Also in Finland: a broiled fish with various seasonings and sides. The overall dish itself wasn't odd, just one ingredient: tar. Smoky and a little bitter, but in a pleasant way.
I had all sorts of offal in Paris. It was at several different meals, so it all runs together now. I remember sheep brains. There were kidneys and hearts from a smaller animal, but I don't remember which one. At Au Pied de Cochon I had pig tail, pig tongue, pig snout, and pig trotter. I highly recommend that restaurant in Les Halles. There are plenty of less adventurous items on the menu. Also in Paris I had steak tartare, head cheese, and bone marrow. I particularly recommend bone marrow head cheese. Both are creamy and savory.
David in Florence, AL:
My wife ordered a horse burger in Paris. Obviously she didn't know what "Burger ala Trigger" on the menu meant.
Tom in Hüttenfeld, Hessen, Germany:
I thought Schweinhaxe was a bit weird when I first encountered it, but now it's become one of my favorites. Not something I eat often, but a special treat to indulge in occasionally.
And I never thought I would develop a taste for these things, but I love Blutwurst (and it's British cousin, Black Pudding) and Leberknödel.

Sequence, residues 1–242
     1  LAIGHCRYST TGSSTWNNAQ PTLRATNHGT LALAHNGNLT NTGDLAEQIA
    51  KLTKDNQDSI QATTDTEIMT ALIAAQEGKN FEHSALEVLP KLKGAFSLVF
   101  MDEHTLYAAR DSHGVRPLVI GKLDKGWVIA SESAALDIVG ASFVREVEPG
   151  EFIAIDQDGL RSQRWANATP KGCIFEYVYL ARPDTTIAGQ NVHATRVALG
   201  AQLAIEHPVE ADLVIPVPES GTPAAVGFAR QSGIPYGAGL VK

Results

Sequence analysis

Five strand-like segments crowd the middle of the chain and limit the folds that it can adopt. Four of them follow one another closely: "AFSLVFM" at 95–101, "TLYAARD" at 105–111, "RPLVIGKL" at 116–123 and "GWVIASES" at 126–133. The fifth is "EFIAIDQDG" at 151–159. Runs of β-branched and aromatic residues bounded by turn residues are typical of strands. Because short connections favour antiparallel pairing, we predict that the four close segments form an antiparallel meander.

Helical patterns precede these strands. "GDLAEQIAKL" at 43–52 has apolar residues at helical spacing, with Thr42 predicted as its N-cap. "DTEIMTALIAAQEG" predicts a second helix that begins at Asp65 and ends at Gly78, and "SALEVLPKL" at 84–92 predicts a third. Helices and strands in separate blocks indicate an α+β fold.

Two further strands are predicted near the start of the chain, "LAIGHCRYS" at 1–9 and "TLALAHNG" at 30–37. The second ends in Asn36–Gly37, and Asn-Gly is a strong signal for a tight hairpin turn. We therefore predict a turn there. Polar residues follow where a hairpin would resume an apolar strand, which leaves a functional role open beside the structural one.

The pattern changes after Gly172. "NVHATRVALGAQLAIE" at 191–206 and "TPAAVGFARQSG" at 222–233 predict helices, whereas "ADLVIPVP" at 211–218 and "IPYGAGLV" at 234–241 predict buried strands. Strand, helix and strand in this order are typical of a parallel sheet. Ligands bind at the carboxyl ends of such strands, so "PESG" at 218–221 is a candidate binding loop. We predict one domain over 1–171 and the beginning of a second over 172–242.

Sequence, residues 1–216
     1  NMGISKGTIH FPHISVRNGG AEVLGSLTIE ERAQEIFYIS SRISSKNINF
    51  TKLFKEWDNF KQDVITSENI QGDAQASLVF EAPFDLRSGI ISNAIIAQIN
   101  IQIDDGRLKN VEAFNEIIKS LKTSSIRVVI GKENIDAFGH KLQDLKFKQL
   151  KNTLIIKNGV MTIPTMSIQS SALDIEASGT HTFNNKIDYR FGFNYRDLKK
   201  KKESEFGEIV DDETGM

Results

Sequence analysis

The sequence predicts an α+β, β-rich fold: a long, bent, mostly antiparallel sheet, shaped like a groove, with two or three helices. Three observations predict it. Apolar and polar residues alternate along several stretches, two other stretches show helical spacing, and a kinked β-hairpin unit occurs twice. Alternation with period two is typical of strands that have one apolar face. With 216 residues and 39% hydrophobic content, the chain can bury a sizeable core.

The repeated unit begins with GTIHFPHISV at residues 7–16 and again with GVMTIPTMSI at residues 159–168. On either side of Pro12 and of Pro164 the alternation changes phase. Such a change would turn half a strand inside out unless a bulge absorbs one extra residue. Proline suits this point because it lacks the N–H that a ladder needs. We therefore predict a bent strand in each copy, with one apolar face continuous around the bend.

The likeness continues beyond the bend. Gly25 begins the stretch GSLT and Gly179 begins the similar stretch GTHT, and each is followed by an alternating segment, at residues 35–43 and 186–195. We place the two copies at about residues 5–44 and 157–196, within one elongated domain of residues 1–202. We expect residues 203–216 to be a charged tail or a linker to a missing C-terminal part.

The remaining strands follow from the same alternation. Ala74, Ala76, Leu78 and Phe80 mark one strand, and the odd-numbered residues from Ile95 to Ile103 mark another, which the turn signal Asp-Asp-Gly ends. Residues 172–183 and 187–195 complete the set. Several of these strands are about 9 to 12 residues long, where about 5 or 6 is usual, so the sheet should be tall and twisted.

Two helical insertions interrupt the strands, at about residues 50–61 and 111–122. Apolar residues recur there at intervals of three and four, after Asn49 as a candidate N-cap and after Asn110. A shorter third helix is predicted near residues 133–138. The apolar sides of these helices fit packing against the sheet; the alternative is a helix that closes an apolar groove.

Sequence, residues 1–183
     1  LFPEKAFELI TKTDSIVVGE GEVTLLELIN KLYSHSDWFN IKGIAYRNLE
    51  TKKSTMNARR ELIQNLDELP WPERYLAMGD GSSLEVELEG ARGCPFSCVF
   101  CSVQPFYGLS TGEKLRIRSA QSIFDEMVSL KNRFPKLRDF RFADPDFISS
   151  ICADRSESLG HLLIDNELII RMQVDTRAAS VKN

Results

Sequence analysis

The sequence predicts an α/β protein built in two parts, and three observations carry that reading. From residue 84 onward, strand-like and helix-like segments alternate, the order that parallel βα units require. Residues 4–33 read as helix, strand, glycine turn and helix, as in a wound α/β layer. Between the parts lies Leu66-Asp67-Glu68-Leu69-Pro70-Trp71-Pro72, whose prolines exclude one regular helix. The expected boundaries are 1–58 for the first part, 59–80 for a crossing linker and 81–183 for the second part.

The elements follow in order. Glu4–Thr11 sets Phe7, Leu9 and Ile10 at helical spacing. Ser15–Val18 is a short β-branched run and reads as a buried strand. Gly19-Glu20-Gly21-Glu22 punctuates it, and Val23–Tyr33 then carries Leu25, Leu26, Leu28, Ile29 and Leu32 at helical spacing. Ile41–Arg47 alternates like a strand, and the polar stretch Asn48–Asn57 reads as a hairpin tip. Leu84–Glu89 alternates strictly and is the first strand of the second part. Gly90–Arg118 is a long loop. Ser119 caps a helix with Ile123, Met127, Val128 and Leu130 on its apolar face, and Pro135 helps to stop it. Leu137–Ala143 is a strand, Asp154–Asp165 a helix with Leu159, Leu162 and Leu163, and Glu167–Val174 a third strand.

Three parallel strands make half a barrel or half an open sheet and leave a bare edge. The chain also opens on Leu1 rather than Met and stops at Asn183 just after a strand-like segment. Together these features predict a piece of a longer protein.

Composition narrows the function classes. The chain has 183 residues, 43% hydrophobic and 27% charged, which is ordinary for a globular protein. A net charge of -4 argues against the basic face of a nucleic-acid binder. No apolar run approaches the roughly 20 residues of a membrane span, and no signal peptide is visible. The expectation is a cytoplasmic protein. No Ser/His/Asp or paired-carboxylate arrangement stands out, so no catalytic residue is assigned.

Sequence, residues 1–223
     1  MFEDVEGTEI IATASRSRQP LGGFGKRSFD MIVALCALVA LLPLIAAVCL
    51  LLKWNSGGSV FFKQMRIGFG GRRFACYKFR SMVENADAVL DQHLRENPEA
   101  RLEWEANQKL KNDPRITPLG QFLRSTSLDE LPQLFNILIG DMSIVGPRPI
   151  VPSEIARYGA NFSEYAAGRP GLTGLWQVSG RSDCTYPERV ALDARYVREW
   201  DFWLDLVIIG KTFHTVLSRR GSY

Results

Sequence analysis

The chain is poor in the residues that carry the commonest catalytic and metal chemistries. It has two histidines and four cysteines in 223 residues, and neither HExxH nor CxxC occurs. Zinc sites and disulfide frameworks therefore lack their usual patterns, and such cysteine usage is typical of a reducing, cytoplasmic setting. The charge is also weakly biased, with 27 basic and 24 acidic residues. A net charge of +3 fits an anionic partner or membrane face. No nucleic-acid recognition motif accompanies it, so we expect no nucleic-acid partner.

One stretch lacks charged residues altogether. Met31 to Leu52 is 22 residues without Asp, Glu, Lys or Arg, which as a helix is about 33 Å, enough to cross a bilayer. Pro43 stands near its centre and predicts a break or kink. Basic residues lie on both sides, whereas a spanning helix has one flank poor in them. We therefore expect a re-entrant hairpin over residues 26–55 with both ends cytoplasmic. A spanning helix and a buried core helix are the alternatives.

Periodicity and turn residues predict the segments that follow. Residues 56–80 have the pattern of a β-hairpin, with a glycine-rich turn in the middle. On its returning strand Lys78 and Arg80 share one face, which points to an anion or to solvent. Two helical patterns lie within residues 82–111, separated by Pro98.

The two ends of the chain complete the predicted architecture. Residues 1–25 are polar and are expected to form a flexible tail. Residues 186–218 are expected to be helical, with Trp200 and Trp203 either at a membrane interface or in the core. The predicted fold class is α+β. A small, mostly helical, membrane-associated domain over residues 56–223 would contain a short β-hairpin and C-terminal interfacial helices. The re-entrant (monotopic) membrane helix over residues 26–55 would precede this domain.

Now that I've had some time to think about this a little further... some kind of roasted bird heart served on a sword at a Brazilian-themed restaurant in Sofia, of all places.
Saumagen is traditional food of the Pfaltz region of Germany (roughly, the upper Rhine plain south of Bingen to Karlsruhe). I've read it described as "German haggis," but I don't think it shares much in common with the Scottish dish, other than perhaps the animal parts used. It tastes like bacon to me, with the texture of a crispy hot dog.
Fred in San Francisco:
Foods brand new to me in Europe that I thought were strange, even weird, and made me ask the question "what is this?" were quark, herring, Leberknödel soup, veal kidneys, even buttermilk in Sweden. The first time was strange, acquiring a taste for the thing, some easier than others. Now no problem at all in ordering these.
I remember seeing venison on menus in Poland but didn't have a chance to try it. In Lyon I had something like a sausage that was, say, pungent. That must have been the thing described by Sam.
Mark in Berlin, Germany:
Michael, could one still find a handful of old farmers in Switzerland who privately slaughter dogs for their own consumption? Yes, probably. But that is a totally different ballgame from specialties like horse meat, andouillette, or lutefisk, which aren't staples, but nevertheless freely available at markets, shops or restaurants.
Brad in Gainesville, VA:
Probably the weirdest in Europe are scabs, although they go by the name "black pudding." The real weird food is in Asia...don't get me started.
Karen in Santa Rosa, CA:
The Polvo (octopus) we had in Portugal sounded and looked adventuresome, but tasted awesome.